What you both achieve on these covers is truly striking. 'Geketend' in particular is incredibly powerful. It’s amazing to see the new cover evolve from the rough sketches to the grandiose final result, which we’re happy to be showing here today. Would you say that the direction for the cover was established early on and didn’t need much revision? It appears to be consistent throughout the sketches and all the way to the finalized cover.

Maya: Yes, you are right, the direction of the cover was set at the very first stage and did not require any special adjustments. The main stage is the stage of searching for a composition, when the right composition is found, it remains only to add some small details that will enhance the image. In the case of 'Weemoedsklanken', the idea of a billboard depicting a world from the past was proposed from my side and accepted by the band before the first sketches were made, this was the biggest addition to the original idea, and when the concept was fully defined, I only had to draw it following the logical scheme of work "quick sketches-linear sketch- tone sketch - hatching".

Maya, from sketch to end result, how long did the illustration take to complete? As mentioned, it’s jam packed with detail!

Maya: In this case, I can name the exact time - apart from the first rough sketches (I usually don't count the time I spent for searching the idea of composing), the drawing itself, starting from the linear sketch to the final version, took me 66h20min.

Sketch by Maya Kurhuli

That's quite a while, but as we note, it’s distinct from the standard black metal cover art and metal cover art in general and offers much in the realm of messaging. It could very well be part of a series at a gallery or museum somewhere. Do you feel as though it was significant for Meslamtaea to stray from the expected conventions of metal artwork to fully realize your vision?

Floris: Meslamtaea makes the kind of music that is not for everyone. The art reflects that. When you see the artwork, you know this is not your average extreme band. Conventional cover art wouldn't fit here.

Agreed. It’s a striking commentary on the industrialist, hyper capitalist world we live in today, which will without a doubt have a significant impact on the lives of our future generations. What role do you feel that this cover and art as a whole has in contemporary society, especially as it pertains to addressing global concerns?

Floris: Meslamtaea's music and art brings the listener face to face with the ugly facts. Unfortunately, industrialization and capitalism are so widespread that it is difficult, even impossible, to reverse this system. It is woven into the core of society and this is only getting bigger. I'm under no illusion that our music, nor the cover art, will change that, not even a little bit, but art in general is a good tool to make people think.

Maya: Art does not solve problems and does not create the future, it reflects existing things and meanings that are already exist (a good illustration of this will be the text of the Laibach "We Are Time", it says everything about the essence of any art). All that art can do is to show things and ideas more clearly and sharply, sometimes to pull out something that is just maturing, but is already in the air. In this context, this particular cover also reflects the existing agenda - one facet of which is a wary attitude towards the future, maybe even a panic fear of it, and as a result a desire to freezing time where everything is at least more or less known and understandable to us.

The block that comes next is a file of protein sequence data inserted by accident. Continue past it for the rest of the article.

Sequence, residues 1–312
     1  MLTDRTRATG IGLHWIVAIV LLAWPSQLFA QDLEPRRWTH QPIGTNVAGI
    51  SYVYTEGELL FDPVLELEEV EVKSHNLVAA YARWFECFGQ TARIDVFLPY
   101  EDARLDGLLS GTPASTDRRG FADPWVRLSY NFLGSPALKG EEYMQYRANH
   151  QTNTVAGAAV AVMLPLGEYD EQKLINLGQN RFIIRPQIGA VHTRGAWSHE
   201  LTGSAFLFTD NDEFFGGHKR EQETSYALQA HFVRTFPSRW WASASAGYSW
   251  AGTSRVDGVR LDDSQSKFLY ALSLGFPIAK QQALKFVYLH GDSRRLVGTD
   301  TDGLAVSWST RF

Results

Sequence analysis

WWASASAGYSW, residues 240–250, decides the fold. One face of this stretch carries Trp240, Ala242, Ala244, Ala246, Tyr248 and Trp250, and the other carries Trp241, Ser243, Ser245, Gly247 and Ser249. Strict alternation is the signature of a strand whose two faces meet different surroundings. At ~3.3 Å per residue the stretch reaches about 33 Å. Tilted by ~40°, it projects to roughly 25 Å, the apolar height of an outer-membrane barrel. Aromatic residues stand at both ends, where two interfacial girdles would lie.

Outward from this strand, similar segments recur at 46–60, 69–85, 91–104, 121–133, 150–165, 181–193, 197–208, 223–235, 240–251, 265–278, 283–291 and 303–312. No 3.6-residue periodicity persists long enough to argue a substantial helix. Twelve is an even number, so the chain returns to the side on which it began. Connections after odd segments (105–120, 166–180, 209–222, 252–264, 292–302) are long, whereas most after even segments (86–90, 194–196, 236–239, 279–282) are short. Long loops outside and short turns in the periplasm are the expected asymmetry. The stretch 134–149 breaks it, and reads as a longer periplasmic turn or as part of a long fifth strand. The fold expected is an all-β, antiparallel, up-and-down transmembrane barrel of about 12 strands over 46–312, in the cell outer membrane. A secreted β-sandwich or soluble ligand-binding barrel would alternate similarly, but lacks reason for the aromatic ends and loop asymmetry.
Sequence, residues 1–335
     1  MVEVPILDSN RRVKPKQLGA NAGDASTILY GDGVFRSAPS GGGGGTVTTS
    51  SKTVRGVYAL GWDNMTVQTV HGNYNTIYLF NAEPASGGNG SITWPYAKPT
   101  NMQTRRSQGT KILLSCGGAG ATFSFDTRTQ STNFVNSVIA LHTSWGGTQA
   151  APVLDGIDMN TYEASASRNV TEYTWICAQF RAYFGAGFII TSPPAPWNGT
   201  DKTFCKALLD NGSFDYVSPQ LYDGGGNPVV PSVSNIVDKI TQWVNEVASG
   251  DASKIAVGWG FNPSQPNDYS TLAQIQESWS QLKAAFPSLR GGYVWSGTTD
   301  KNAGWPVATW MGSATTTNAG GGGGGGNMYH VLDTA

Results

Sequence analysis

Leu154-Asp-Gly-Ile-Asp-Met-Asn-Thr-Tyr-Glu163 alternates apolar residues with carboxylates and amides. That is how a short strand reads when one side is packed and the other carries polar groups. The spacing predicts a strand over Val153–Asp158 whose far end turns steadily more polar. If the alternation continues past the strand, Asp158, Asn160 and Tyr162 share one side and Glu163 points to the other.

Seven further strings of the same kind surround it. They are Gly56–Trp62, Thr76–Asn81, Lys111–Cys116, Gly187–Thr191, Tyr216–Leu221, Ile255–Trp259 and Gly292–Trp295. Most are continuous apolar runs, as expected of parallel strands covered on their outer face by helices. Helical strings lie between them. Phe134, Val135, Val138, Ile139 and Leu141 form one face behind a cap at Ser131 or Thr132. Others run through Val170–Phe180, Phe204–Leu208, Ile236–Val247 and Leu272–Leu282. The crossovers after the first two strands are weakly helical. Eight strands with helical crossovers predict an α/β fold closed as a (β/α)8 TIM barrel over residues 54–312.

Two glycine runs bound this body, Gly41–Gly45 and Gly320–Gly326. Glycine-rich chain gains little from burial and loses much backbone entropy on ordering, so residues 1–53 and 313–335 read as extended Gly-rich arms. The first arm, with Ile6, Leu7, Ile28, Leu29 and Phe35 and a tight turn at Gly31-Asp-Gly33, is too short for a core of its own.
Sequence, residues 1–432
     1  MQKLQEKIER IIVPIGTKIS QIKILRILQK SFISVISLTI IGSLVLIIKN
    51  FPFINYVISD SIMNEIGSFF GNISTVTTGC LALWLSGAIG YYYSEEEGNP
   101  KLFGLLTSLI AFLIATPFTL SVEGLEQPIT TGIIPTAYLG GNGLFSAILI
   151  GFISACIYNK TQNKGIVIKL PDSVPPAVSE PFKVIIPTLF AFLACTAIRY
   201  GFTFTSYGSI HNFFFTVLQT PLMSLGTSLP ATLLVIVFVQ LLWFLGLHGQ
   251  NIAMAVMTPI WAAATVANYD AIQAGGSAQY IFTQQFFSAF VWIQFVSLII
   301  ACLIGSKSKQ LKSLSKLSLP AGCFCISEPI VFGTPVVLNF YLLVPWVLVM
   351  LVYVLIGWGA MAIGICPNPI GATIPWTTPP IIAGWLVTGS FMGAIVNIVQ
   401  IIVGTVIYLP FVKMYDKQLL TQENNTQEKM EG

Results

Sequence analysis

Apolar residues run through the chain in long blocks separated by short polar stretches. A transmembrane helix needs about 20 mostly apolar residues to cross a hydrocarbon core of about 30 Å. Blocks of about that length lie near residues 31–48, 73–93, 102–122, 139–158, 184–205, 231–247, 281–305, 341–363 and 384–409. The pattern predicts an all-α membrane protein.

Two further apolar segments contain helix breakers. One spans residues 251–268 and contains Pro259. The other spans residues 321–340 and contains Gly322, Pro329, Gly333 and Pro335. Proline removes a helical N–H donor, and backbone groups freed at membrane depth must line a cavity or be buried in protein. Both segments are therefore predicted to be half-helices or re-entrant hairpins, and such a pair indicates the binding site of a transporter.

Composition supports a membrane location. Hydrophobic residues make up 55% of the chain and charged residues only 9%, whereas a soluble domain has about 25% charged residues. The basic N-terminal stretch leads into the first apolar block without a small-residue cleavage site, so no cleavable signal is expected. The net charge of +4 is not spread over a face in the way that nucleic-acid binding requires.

It's a byproduct of our surroundings in a way, but it doesn't have a covert message, rather one that is meant to be experienced distinctly by one's own viewpoint. Though you’ve done a variety of art for your own Blackdeath and Nuclear Cthulu, the art for Meslamteae diverges from the standard black metal cover art and metal cover art in general, as we note. It’s very much by design. Do you feel as though it was significant for you to stray from the expected conventions of metal artwork to fully realize your vision?

Maya: Hmm...I must say that I never try to especially follow any conventions in the design of metal and adhere to some styles adopted in metal. I proceed from the concept of the "balance" of my drawing style for a concrete project. Of course, for Blackdeath, the pictures are more obtained within the roots of black metal cannons because the style of music here is more canonical for sure - on the other hand, here I act in two roles at once as an artist and a band member, so it's easier for me to realize my vision of music and art as a wholeness here. Meslamtaea have their own specifics and a different ideological load, so, the design style here turns out to be different by itself. I do not perceive the album cover, as well as the book cover, as a separate piece of art (let my colleague artists curse me) - the task of the cover is to visualize what is embedded in the product itself. A music album or a book with an unfit cover art is a kind of deception of the consumer. I can't judge how I actually manage to embody this concept of "balance", but my aspiration is exactly to manifest this concept.